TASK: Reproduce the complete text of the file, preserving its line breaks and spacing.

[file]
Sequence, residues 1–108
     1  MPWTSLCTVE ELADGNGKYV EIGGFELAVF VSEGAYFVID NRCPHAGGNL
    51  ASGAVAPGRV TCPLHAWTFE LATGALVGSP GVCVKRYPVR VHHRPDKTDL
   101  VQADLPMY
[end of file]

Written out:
Sequence, residues 1–108
     1  MPWTSLCTVE ELADGNGKYV EIGGFELAVF VSEGAYFVID NRCPHAGGNL
    51  ASGAVAPGRV TCPLHAWTFE LATGALVGSP GVCVKRYPVR VHHRPDKTDL
   101  VQADLPMY